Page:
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What is the Color of School Closures?

Infographic about race and school closures.
White is defined as “white non-Hispanic.” Low-income students are calculated based on eligibility for Free and Reduced Price Lunch programs. All percentages from U.S. Department of Education’s National Center for Education Statistics 2010–11. © Schott Foundation for Public Education

Mass school closures have sadly become a commonplace occurrence in urban school districts across the country. Unlike the occasional school closures that happen naturally due to shifting populations or new facilities, these mass closures are catastrophic blows to the communities to which those schools belong. And as U.S. Department of Education data suggests, the most recent rounds of mass closings in Chicago, New York City, and Philadelphia disproportionately hurt Black and low-income students.

To highlight these disparities, the National Opportunity to Learn Campaign released this infographic.

Beyond disparate impact, there is also no evidence to suggest that these kinds of school closures actually work the way policymakers claim. Reports have shown that the majority of students who are affected do not get placed in schools that perform any better—and in the case of Philadelphia, many students are sent to schools that perform even worse. And though closures are often touted as a way for districts to save money in tough economic times, those savings often fail to materialize and in reality cost taxpayers millions in hidden costs.

The discriminatory impact of school closures will only exacerbate the hurdles that young black men face as they chart a course through high school, college, and the workforce. Last fall, the Schott Foundation for Public Education reported that only 10 percent of Black males in the United States are deemed proficient in eighth-grade reading, and only 52 percent are graduating from high school in four years.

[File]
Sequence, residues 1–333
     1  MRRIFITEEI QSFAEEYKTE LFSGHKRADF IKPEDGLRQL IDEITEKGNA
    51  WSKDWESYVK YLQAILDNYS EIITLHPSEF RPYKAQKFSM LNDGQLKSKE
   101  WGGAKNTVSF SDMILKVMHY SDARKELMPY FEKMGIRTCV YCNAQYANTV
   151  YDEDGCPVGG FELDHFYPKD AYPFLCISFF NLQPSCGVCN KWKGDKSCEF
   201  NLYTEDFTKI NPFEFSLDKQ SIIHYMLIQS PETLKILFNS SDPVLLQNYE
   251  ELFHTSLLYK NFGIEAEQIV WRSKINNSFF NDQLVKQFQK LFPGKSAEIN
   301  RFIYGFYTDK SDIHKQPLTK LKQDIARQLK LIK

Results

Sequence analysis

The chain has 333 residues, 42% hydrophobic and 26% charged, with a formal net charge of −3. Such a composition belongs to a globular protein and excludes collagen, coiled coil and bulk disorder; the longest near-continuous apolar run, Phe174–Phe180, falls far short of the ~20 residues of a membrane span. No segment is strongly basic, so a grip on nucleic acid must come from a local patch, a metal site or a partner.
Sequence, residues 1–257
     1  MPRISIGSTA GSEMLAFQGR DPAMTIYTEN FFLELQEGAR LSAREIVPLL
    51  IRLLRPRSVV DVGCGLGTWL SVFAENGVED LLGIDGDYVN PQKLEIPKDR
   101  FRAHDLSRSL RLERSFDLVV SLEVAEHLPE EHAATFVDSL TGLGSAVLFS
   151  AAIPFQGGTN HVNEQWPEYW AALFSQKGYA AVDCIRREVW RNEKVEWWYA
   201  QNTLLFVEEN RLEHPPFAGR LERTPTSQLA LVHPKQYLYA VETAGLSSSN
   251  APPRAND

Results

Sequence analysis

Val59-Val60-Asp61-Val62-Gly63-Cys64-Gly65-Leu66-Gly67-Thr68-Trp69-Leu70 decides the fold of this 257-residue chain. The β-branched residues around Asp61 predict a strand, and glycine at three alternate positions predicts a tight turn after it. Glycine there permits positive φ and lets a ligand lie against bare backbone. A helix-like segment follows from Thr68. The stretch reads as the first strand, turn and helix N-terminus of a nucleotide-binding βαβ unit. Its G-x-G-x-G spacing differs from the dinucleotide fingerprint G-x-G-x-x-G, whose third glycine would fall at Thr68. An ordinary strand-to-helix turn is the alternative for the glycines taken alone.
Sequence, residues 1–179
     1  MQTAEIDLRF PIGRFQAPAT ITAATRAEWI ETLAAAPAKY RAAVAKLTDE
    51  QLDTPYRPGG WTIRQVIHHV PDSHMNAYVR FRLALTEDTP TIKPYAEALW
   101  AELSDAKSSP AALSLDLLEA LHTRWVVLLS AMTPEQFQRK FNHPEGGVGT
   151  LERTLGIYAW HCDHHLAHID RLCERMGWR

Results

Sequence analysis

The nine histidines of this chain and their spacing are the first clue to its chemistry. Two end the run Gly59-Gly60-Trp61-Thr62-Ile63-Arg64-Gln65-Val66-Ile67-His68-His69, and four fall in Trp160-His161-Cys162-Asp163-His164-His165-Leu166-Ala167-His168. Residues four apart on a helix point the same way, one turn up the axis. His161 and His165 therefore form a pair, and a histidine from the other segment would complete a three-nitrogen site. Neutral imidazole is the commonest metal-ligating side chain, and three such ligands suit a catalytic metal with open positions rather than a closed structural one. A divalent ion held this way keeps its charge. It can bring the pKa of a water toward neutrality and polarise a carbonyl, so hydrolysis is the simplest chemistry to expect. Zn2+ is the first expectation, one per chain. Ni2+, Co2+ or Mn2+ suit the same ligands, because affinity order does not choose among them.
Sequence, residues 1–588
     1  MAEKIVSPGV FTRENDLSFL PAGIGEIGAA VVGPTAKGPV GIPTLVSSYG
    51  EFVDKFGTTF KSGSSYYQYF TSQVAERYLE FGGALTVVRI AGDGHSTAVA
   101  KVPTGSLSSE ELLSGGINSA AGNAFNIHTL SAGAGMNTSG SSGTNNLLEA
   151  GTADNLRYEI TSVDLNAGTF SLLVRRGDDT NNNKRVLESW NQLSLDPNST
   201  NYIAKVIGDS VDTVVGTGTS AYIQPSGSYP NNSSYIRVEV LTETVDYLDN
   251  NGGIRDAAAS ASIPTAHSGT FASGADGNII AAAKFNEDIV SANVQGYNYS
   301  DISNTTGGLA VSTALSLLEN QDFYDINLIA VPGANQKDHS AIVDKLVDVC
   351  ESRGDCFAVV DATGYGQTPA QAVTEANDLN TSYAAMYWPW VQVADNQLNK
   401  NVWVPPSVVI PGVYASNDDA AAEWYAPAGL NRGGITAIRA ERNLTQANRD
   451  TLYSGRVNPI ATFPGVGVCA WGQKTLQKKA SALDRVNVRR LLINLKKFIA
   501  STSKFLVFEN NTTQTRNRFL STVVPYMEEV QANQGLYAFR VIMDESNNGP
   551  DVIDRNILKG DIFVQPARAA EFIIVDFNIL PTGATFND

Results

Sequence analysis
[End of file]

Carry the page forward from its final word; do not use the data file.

As Schott President John H. Jackson puts it, “These unconscionable outcomes for these young boys and men are not reflective of their potential nor their abilities—but a direct result of denying them equitable supports and resources they need to be fully engaged and succeed. This is the opportunity gap at the root of the achievement gap.”

The solution to the opportunity gap can’t be found in moving students from one under-resourced school to another. Our schools should be treated like the integral community institutions they are: strengthened, not closed. Investing in schools to provide the wraparound supports that our most disadvantaged students need—such as health, nutrition, counseling, and mentor programs—is a key step to improving academic performance and revitalizing communities.

And because the problems we face are systemic in nature, it means we’ve got to approach solutions systemically. The dreams we have for our children must be reflected in effective policies that put a positive future in reach for every student.

The Schott Foundation for Public Education is a grantee of the Open Society Foundations.

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